Although China is currently the world’s largest importer of soybeans, the EU is the world’s premier importer of soymeal and the second largest importer of soybeans, according to ‘Who is paying the bill?’, a major report commissioned by the EEB, on the externalities of EU policies. The areas of deforested land given over to these environmentally destructive monocultures is bound to expand in the context of the EU-Mercosur trade deal.

More than steaks at stake

The EU-Mercosur deal is fuelled by Europe’s continuing addiction to unrestrained free trade. But if the EU is serious about saving the Amazon and becoming sustainable, it must halt this destructive accord before it is too late.

“Rather than ratifying the EU-Mercosur trade deal that would fan the flames only further, erect new trade tariffs based on the carbon emissions associated with the import of products such as soy, leather or beef,” insists Nick Meynen, policy officer for environmental and economic justice at the EEB.

To show that its intention is not to punish Brazil and other South American countries, the EU could use the revenues generated by these tariffs to fund rainforest restoration and stewardship initiatives.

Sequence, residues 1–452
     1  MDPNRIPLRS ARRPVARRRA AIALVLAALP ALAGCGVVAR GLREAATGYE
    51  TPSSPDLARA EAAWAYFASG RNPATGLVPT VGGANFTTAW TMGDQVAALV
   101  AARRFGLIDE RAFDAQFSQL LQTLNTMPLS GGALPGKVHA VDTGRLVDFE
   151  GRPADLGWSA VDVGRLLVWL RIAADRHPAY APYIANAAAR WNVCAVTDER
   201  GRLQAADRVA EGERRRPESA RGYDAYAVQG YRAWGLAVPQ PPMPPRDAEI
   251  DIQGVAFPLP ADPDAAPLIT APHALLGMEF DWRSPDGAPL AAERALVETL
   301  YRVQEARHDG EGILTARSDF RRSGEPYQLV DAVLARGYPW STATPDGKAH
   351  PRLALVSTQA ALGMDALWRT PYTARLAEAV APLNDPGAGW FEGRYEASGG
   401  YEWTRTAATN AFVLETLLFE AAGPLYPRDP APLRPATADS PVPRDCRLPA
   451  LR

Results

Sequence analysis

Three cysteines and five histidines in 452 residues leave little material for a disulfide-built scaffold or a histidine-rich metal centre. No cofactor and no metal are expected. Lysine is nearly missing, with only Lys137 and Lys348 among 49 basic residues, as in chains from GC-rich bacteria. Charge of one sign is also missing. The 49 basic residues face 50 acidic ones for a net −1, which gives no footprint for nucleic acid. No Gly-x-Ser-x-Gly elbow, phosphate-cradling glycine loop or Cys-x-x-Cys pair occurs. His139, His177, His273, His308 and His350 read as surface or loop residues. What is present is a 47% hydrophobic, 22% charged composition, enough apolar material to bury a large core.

Europe also needs to tackle damaging lifestyles. “As long as our dietary patterns continue to evolve towards more meat products, the pressure to gain land to rainforests worldwide will increase,” observes Margarita Mediavilla, professor of system dynamics and senior scientist with LOCOMOTION, an EU-backed project which is modelling scenarios for the transition towards a carbon-neutral and sustainable future.

Reducing our pressure on rainforests requires lowering our imports of protein crops like soya to feed farm animals. This is only possible if we reduce livestock numbers and phase out industrial livestock farming in Europe, as we do not possess enough land here to feed all our farm animals at current levels of production. This means that people need to eat fewer animal proteins and more plant proteins. To find out more about how our food system can be made healthier for humans and the planet, check out the resources produced by GoodFood4All, a campaign organised by the Make Europe Sustainable for All project.

We also need to avoid other rainforest-destroying products, such as biofuels using crops grown on cleared land, oil and gas extraction, as well as mineral mining in the Amazon basin.